Democrats however have cried foul, citing Republican’s own precedent from 2016 that Supreme Court Justices should not be confirmed during an election year. Sen. Majority Leader Mitch McConnell denied a hearing on Judge Merrick Garland, President Obama’s nominee to replace conservative icon Antonin Scalia who died in February 2016.

Other Senate Republicans have said they would honor it going forward.

“If an opening comes in the last year of President Trump’s term, and the primary process has started, we’ll wait to the next election. And I’ve got a pretty good chance of being the Judiciary [chairman]. Hold the tape,” Sen. Lindsey Graham said during an interview at the Atlantic Festival in 2018.

McConnell whose Senate majority has confirmed a record number of judges to the federal bench  has long insisted he would not let the precedent stop him from sending a nominee to the high court should there be an opening.

Just hours after her death, he confirmed his intention to move forward with a replacement.

“Americans re-elected our majority in 2016 and expanded it in 2018 because we pledged to work with President Trump and support his agenda, particularly his outstanding appointments to the federal judiciary,” McConnell said in a statement Friday. “Once again, we will keep our promise. President Trump’s nominee will receive a vote on the floor of the United States Senate.”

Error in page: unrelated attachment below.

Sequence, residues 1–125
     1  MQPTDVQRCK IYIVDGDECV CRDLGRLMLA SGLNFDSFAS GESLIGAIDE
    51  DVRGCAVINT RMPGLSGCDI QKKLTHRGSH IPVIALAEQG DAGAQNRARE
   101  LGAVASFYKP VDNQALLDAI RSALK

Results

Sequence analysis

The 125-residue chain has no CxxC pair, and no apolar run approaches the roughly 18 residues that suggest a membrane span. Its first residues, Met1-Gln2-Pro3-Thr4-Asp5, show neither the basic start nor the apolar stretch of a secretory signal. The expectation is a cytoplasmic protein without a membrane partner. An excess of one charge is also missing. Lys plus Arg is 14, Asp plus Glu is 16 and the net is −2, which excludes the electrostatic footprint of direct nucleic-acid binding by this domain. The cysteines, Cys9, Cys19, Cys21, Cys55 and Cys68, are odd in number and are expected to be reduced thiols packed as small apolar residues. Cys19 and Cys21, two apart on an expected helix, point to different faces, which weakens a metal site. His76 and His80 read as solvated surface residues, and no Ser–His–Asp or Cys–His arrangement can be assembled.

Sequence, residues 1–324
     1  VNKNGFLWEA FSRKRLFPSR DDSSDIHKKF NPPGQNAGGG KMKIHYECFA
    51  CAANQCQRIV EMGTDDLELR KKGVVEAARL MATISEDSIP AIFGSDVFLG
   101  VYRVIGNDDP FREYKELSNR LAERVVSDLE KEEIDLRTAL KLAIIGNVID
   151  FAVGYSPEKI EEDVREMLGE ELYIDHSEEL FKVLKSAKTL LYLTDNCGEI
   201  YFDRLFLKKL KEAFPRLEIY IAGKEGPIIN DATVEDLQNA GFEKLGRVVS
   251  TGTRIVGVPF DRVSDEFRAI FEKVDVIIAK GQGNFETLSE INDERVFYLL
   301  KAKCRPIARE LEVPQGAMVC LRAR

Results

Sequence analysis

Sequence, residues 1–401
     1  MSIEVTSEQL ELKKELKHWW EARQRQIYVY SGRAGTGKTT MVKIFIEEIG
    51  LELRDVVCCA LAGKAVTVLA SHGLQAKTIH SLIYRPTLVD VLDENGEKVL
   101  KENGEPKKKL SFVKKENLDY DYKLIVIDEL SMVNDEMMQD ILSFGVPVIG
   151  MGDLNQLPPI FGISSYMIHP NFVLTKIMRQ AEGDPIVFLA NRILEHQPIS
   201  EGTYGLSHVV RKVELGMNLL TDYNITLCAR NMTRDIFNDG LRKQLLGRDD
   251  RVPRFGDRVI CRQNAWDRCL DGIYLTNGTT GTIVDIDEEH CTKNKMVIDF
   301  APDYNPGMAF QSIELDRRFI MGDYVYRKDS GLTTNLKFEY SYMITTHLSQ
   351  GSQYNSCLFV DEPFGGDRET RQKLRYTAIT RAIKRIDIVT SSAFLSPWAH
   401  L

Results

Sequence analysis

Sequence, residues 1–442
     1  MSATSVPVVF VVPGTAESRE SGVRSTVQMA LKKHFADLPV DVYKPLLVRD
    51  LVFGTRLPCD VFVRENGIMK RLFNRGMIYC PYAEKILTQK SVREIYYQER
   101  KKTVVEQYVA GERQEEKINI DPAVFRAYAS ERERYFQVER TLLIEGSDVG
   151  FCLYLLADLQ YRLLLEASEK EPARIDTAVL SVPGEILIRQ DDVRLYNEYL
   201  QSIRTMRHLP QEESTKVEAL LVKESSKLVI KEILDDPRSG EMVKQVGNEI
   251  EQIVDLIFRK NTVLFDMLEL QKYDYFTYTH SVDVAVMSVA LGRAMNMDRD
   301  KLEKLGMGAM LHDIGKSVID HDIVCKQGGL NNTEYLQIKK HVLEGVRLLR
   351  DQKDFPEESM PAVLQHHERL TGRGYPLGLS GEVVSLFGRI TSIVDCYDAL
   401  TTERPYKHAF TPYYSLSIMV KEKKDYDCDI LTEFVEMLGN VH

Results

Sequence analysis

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Girl dies after her teacher flogged her for getting two math questions wrong

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A schoolgirl has died after allegedly being beaten by her teacher for failing to answer two maths questions correctly.

The 10-year-old girl, identified by her surname Zhang, was a student at a primary school in the city of Guangyuan, central China.

According to the Xinhua News Agency, the teacher, identified by the surname Wang, beat the girl on September 10.

Zhang was beaten on her palms four times and ordered to kneel for four minutes.

 

Girl dies after her teacher flogged her for getting two math questions wrong

 

Feeling dizzy, she was sent to the hospital by her grandmother and the teacher and was pronounced dead later that day at 3.30 pm.

She also had her ears pulled and her head beaten.

Medical experts found no wounds and an investigation into her death is underway.

The Cangxi county government has set up a task force and the teacher has been suspended from work, along with the school’s principal.

The victim’s grandmother told local media that she had a twin sister who was in the same class. She said Zhang looked close to fainting during the beating.

The grandmother also mentioned that Zhang was scared of her maths teacher, who she claimed often gave corporal punishment to students.